As long as I can remember my granny has always had cats – well, mostly just one at a time. And these have had the funniest names like Boris Becker for a ginger one. Also our whole family loves ginger cats. Thirteen years ago, just when I graduated from high school, my granny adopted another one. He was the tiniest kitten from his kindle. When my parents and I picked him up one summer day, put him into a chicken carrier (this is what you do in the countryside) and drove to my granny, he meowed miserably for the whole car trip. Once he got out in her house, he immediately ran up to the top of her stairs leading to the upper floor and stayed there for hours. But over time my granny and he became great friends. He got the attractive (or not) name Blasius and grew into a huge and stunning tomcat.
In their village everybody knows him and many cat owners are sad that he is neutered instead of being able to father many big and beautiful kittens. Every evening my granny puts him outside, every morning he sits in front of her door waiting for his breakfast inside. Then its nap time on top or in front of the radiator in the living room. Sometimes, mainly depending on the season, Blasius takes short walks outside during the day. But whenever my granny whistles, he is back. He also loves my parents and allows them to pet his belly, and he used to follow my cousin to the bus stop. Even though I see the cat only about once every two years, he seems to still like me. Maybe I just know how to bribe a cat … he really can’t refuse any chew treats. The last time I saw Blasius was this summer when I visited my parents and of course my granny in Germany. He was as amazing a cat as always. Even though at 13 years of age he should slowly become an old-timer. He even allowed me to pick and hold him up so that we could take one big “family photo”.
But shortly after my visit he one morning didn’t return home. My granny waited for days, called him, whistled for him. Her whole village looked out for him. But nothing. Luckily, no run over cat in the street. No cat in old sheds or garages which people rarely open. Eventually, when days dragged into weeks, everybody tried to accept that he had probably gone away to die. 13 years is a ripe age for a cat in our region, esp. for one that is allowed outdoors. Only my granny was very sad because he had kept her company for so many years. After he had been missing for three months at the end of November, she even trust my parents all the cat food she still had. Being cat lovers too, my parents feed two or three street cats in their village.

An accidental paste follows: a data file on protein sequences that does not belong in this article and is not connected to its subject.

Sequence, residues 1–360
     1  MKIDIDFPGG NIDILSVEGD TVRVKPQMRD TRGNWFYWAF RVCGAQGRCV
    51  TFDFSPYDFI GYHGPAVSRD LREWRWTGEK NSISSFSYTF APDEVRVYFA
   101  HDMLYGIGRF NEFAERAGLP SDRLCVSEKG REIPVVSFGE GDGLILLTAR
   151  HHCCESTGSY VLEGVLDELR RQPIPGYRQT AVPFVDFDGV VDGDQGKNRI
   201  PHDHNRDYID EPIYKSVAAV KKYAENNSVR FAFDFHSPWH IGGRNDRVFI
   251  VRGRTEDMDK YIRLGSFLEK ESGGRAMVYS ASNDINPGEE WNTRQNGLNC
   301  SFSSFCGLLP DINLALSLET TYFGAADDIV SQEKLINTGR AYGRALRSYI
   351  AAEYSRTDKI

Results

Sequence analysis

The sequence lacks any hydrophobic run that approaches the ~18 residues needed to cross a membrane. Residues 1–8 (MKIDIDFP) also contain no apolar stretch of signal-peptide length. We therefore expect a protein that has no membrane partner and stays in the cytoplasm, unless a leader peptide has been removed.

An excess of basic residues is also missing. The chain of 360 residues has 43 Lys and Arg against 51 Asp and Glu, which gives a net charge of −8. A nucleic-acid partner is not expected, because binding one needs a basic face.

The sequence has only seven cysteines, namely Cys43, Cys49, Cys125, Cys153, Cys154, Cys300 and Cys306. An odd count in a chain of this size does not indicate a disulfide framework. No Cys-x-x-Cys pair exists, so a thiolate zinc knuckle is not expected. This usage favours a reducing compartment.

My granny has nice neighbors. Those neighbors use modern technology, like the internet. After the whole village had searched for Blasius without success, the neighbors started looking online for the cat at the start of December. And they found him on Ebay: two villages, about 10 km away, a family had found a beautiful tomcat at the end of October. They had taken him to a vet, who guessed that the cat was between 9 and 11 years old. But unfortunately he isn’t chipped. So that family adopted him for the time being and put a note including a photo on Ebay. That’s where my granny’s neighbor discovered Blasius and picked him up on the same day. Since he (the neighbor, not the cat) has a key to my granny’s house, he opened the door and put the cat in the hallway in order to surprise her. And of course she was overcome with joy.
Blasius apparently acts as if nothing has ever happened and he hadn’t been away for a little more than three months. Since he can’t talk, nobody knows where he was or what he did between August and October until that family took him in. Not that it really matters because he is as gorgeous and healthy as ever and I bet he is going to get plenty of Christmas presents, i.e. special treats.